I went to my local ER with intense pelvic and lower back pain. My pain was an 8-9 out of 10, and I have never been to an ER for pain management. I am not a “frequent flyer.” After an evaluation by an RN, then the MD, I was to receive some fentanyl IVP for relief of my increasing pain level. It was 3 hours later and 3 RN’s coming in and out of my room with a variety of excuses before I received my first dose.
By then I was moaning, crying, and writhing in physical and mental anguish. I then went off for a US which showed bilateral ovarian cysts, one being 6.5 cm in diameter, “impressive” per the US tech. Pain was returning by the end of the US and I was sent back to my room, left alone with my husband with rising pain levels again and not one RN entered my room for another 45 minutes. By now I was a 10-10 again on the pain scale.
The MD finally walked in again, 5 hours after his first evaluation, surprised I was still in pain since the US results only showed 2 cysts with neither twisting, so therefore no eminent harm happening. He explained his treatment plan to include a dose of dilaudid and discharge home, and to further evaluate with my PCP the next day and return to ER if pain increases.
I questioned the discharge plan since my pain levels were nowhere near acceptable or well controlled, hence not stable, but was discharged anyway within the hour, with the MD stating he would “feel really bad if my pain lead me to return to the ER.”
I was at home for 2 hours with pain levels now beyond comprehension, becoming out of control with pain, barely able to walk, moaning, screaming
and writhing in agony. My husband drove me back to the ER where I was quickly placed in a triage room then bedded for further eval with pain management. I was begging and pleading with the RN/staff not to leave me alone and to “help me please” over and over again.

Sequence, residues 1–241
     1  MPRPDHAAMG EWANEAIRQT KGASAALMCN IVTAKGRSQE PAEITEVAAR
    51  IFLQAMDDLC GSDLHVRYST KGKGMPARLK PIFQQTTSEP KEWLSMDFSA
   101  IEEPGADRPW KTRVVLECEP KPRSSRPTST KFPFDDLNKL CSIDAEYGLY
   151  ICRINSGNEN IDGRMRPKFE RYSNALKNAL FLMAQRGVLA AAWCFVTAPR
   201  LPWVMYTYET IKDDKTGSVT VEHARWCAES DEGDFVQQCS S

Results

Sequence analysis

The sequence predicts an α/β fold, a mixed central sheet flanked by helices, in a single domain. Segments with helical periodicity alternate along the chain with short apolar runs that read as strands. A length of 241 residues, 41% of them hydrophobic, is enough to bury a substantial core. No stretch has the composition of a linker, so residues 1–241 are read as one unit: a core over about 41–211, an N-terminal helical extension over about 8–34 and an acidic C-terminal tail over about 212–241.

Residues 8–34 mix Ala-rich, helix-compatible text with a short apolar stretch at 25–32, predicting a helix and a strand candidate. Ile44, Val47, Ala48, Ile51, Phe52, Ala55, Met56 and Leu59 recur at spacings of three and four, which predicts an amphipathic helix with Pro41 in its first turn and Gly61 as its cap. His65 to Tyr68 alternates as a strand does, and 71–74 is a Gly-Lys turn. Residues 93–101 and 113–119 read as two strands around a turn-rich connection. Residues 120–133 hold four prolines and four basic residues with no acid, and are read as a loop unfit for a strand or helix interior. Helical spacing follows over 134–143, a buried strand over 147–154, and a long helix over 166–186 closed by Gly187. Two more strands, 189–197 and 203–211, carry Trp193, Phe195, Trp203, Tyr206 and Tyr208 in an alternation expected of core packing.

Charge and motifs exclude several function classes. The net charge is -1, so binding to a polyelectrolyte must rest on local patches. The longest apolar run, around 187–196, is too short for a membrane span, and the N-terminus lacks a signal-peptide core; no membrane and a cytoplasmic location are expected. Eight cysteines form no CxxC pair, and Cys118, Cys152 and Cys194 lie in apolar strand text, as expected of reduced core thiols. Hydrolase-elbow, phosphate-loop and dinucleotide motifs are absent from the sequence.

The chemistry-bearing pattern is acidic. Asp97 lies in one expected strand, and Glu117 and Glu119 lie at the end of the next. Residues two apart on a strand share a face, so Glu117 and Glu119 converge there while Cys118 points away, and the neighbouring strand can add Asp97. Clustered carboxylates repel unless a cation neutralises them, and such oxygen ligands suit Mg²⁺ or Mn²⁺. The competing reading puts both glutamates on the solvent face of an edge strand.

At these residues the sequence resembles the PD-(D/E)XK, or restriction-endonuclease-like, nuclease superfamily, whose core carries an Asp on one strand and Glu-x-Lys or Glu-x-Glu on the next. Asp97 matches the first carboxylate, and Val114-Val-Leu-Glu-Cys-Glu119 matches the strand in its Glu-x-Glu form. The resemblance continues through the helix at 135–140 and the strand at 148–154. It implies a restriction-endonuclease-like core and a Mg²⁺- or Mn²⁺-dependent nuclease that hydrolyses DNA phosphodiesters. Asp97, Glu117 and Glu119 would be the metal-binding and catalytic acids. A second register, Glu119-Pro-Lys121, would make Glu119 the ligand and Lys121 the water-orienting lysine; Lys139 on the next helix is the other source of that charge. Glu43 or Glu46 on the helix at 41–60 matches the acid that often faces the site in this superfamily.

I was eventually admitted and later that evening had surgery for what turned out to be the large cyst/ovary twisting back behind my uterus. My question is this… was my pain and suffering in excess, and was the staff/MD at fault for failing to treat me fully and delaying proper diagnosis? Were they negligent in sending me home, only to worsen my condition and cause undo stress and mental anguish? Thank you.
Disclaimer: Our response is not formal legal advice and does not create an attorney-client relationship. It is generic legal information based on the very limited information provided. Do not rely upon the information in our response, or anywhere else on this site, when deciding the proper course of a legal matter. Always get a personalized case review from a local attorney.
While the amount of pain and discomfort you may have needlessly suffered may have been unbearable, it appears at the most, you may have needlessly suffered that pain for no more than 24 hours. That factor alone might diminish any medical malpractice claim you might bring.
Moreover, to prove malpractice occurred you will have to prove the actions (or omissions) of the hospital, doctors, and nursing staff fell below the medical standard of care practiced by other medical providers in the community.
Under the circumstances, to have the basis of a medical malpractice case you will need to prove the failure of the hospital, doctor, and/or nursing staff was more than subjectively inappropriate, but objectively determined to be inappropriate by another hospital, doctor, or nursing staff in the local community. To do so takes evidence.
This means you will need an attorney. Only an attorney can get the medical experts required to prove the hospital, doctors, or nursing staff committed malpractice.
Additionally, you will have to be able to convince a jury that the limited amount of time you needlessly suffered is worth a substantial amount of compensation. Because of the relatively short period of time you suffered, that amount of compensation may be limited.
You can’t handle a medical malpractice case on your own. You will have to contend with pretrial hearings, depositions, and other litigation tools which will surely be used by the hospital, doctors, and nursing staff’s attorneys. Speak with several med mal attorneys in your area, they should offer a free initial consultation. See what they have to say.
The above is general information. Laws change frequently, and across jurisdictions. You should get a personalized case evaluation from a licensed attorney. Find a local attorney to give you a free case review here , or call (888) 647-2490.
Best of luck,
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